Be on the lookout for spam text messagePosted: Updated:
PHOENIX -- The Federal Trade Commission says a spam text is making the rounds and is bad news for consumers. Victims may get a text message saying your profile has been compromised and to text back the words "send now" to re-activate your account.
Keep in mind scammers who send the message want to hack your security settings so they can get your personal information.
If you should get one of those text messages, here's what the F.T.C. says you should do:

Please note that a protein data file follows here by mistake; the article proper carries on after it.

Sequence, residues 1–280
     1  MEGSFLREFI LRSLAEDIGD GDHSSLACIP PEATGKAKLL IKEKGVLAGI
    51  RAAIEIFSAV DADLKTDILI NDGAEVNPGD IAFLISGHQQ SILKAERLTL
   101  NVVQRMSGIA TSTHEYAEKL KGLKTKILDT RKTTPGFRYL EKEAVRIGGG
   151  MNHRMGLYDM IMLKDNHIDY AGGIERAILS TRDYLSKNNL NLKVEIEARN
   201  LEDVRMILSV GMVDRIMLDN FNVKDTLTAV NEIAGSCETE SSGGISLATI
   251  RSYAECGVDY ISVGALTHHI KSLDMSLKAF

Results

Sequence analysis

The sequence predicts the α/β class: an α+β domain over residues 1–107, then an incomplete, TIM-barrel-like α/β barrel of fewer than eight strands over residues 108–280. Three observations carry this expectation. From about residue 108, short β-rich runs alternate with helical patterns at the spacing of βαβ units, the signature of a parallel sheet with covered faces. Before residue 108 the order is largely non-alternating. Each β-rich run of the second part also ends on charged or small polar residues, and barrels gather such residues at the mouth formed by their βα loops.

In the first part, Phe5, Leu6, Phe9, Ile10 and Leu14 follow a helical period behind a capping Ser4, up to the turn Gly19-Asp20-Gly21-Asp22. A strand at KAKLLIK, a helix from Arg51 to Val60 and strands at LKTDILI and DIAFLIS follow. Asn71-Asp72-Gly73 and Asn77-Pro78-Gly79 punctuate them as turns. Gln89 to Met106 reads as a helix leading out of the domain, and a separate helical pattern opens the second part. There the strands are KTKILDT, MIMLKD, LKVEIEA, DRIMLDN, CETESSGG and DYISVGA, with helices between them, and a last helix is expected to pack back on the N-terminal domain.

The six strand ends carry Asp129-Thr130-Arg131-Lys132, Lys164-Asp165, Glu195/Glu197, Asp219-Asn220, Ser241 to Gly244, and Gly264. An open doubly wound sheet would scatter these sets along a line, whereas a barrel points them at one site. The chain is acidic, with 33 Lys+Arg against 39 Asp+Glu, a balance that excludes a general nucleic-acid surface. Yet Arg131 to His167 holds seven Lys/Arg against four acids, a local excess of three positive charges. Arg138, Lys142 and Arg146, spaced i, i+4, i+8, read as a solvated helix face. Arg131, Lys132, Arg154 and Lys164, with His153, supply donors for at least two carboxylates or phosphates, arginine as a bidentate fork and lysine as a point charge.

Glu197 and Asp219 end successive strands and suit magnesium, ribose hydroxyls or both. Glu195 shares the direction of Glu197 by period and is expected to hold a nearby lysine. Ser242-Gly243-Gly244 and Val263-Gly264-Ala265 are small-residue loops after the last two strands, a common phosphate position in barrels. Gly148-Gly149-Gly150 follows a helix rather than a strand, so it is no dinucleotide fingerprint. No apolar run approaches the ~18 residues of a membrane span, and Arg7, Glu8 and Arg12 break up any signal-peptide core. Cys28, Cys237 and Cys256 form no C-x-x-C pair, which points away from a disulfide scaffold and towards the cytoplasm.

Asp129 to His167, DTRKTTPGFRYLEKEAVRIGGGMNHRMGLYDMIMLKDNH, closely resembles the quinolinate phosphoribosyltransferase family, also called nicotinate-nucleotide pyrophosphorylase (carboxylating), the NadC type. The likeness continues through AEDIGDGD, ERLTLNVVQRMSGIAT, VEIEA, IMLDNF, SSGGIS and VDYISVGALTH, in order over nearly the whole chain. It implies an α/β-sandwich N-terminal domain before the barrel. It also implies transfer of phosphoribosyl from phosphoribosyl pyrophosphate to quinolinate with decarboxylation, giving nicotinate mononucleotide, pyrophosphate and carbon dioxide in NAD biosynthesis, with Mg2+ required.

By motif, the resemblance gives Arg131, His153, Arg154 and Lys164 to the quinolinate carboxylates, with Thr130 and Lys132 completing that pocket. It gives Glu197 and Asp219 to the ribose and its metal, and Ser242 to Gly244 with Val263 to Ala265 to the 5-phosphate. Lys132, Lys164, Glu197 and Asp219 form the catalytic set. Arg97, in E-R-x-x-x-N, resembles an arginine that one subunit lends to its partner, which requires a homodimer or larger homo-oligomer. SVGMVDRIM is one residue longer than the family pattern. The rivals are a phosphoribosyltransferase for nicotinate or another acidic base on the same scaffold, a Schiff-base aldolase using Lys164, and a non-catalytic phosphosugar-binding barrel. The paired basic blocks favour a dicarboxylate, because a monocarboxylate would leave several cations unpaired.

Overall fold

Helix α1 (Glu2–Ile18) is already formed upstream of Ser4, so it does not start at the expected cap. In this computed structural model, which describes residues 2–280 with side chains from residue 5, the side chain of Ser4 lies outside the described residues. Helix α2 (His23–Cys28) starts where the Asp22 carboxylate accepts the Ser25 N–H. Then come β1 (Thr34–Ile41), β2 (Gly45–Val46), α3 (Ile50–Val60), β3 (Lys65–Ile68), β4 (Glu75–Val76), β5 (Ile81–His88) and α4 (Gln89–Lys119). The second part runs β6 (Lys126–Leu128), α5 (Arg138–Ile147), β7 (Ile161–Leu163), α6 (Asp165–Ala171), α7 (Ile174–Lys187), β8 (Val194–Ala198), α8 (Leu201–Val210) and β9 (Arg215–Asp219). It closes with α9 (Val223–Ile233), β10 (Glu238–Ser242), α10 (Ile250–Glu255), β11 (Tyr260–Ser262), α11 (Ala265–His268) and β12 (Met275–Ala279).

First of all, don't text back. A legitimate company won't ask you to verify your ID through unsecure channels like text or email.
Don't click any links within the message. Those links can install malware and take you to a fake site in order to steal your information.
Report the suspicious message. If your carrier is AT&T, T-Mobile, Verizon, Sprint or Bell, you can forward the text to 7726 free of charge.
And remember you can always file a complaint with the Federal Trade Commission.